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  10.  21
    Why “common interest” instead of “general interest”? About Rousseau’s choice of terminology.Théophile Pénigaud de Mourgues - 2017 - Astérion 17.
    Dans cet article, je reviens sur un constat bien connu, mais jamais parfaitement élucidé : Rousseau n’emploie que très exceptionnellement l’expression « intérêt général », à laquelle il préfère celle d’« intérêt commun ». Je m’efforce d’y apporter une explication nouvelle, en partant d’un réexamen du concept même d’« intérêt » dans son œuvre, auquel il faut prêter un sens assez différent de celui auquel la philosophie politique nous a accoutumés : l’intérêt ne saurait être individuel, il ne saurait s’identifier (...)
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  11.  19
    Chapter Fifteen. Rousseau: The General Interest in the General Will.Nannerl O. Keohane - 1980 - In Philosophy and the State in France the Renaissance to the Enlightenment /Nannerl O. Keohane. --. --. Princeton University Press, C1980. pp. 420-450.
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  12. In the United States District Court for the District of Columbia.Attorney General Eliot Spitzer - unknown
    February 1, 2000 TABLE OF CONTENTS TABLE OF AUTHORITIES......................................................................................... .......................ii STATEMENT OF INTEREST.................................................................................................... ......... v..
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  13.  13
    Free Trade and Long Wages - Still in the General Interest.Patrick Minford - 1996 - Journal des Economistes Et des Etudes Humaines 7 (1):123-130.
  14.  15
    Forthcoming meetings and conferences of general interest.York Theme & English Simpson - 1986 - History of European Ideas 7 (6):707.
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  15.  21
    Free trade and long wages – still in the general interest.Patrick Minford - 1996 - Journal des Economistes Et des Etudes Humaines 7 (1):123-130.
  16.  17
    Understanding general practitioners' conflicts of interests and the paramountcy principle in safeguarding children.P. Wainwright & A. Gallagher - 2010 - Journal of Medical Ethics 36 (5):302-305.
    As family physicians, general practitioners play a key role in safeguarding children. Should they suspect child abuse or neglect they may experience a conflict between responding to the needs and interests of the child and those of an adult patient. English law insists on the paramountcy of the interests of the child, but in family practice many other interests may be at stake. The authors argue that uncritical adoption of the paramountcy principle is too simplistic and can lead, paradoxically, (...)
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  17.  39
    General motors corporation, its constituencies and the public interest.Elmer W. Johnson - 1986 - Journal of Business Ethics 5 (3):173 - 176.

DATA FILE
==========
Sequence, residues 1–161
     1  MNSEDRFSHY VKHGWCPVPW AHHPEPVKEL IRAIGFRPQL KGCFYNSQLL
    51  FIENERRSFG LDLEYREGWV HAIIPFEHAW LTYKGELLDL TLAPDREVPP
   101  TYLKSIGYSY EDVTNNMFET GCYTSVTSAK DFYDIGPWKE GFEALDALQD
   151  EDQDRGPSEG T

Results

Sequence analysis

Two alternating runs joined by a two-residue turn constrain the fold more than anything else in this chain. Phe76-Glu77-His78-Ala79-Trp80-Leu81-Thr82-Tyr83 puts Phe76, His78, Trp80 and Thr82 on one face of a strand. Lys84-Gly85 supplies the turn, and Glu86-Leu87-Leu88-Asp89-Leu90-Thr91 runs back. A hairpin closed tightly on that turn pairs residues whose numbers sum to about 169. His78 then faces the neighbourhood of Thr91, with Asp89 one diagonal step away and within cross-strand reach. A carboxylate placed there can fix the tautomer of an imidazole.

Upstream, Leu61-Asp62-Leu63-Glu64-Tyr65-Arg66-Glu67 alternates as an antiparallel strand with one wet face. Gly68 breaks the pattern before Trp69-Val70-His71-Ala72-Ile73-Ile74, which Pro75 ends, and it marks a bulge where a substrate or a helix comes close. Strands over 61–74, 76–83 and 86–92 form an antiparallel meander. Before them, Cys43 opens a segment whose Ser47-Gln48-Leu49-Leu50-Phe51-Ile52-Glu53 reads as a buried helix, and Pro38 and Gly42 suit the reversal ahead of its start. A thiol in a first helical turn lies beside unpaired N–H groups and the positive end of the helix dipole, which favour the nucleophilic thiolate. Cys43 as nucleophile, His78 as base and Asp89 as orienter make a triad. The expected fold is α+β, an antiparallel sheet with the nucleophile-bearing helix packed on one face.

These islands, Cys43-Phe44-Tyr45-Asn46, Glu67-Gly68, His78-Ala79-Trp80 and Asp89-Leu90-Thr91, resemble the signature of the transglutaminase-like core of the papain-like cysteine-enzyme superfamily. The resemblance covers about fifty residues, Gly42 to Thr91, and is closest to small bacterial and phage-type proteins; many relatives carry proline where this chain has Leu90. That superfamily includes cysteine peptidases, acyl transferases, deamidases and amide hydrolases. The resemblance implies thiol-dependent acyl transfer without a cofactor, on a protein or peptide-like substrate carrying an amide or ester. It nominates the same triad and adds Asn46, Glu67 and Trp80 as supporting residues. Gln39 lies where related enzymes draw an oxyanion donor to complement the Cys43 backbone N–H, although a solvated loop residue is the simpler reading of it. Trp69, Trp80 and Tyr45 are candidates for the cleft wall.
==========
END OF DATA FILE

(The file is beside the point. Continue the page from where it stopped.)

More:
This article about the social responsibility of the large corporation is not a paper about stewardship in general. If it were, it would have to focus primarily on the principle of long-term market accountability and the related principle of fidelity to long-term stockholder interests. Most of management's stewardship responsibilities can be subsumed under those two principles.This paper will deal with areas in which those two principles alone are not adequate to define management's stewardship responsibilities. These areas of social accountability (...)
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  18.  21
    General practitioners' conflicts of interest, the paramountcy principle and safeguarding children: a psychodynamic contribution.Adrian Sutton - 2011 - Journal of Medical Ethics 37 (4):254-257.
    Next SectionWainwright and Gallagher propose that when child protection concerns emerge significant difficulties arise for General Practitioners because of conflicts between the individual interests of children and parents who are their patients and the Paramountcy Principle. From a psychodynamic perspective their analysis does not give sufficient weight to the nature of personal as opposed to interpersonal conflict of a conscious or unconscious nature. When issues of major import arise, ordinary parenting inevitably involves parents in putting their children's needs first (...)
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  19. General Theory of Value, its Meaning and Basic Principles Construed in Terms of Interest.Ralph Barton Perry - 1928 - Mind 37 (145):99-103.
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  20. General Theory of Value: Its Meaning and Basic Principles Construed in Terms of Interest.Ralph Barton Perry - 1927 - Humana Mente 2 (5):97-100.
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  21.  9
    General Theory of Value. Its Meaning and Basic Principles Construed in Terms of Interest[REVIEW]Albert L. Hammond - 1928 - Philosophical Review 37 (5):501-513.
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  22.  8
    A General Sense of Common Interest.Björn Petersson - unknown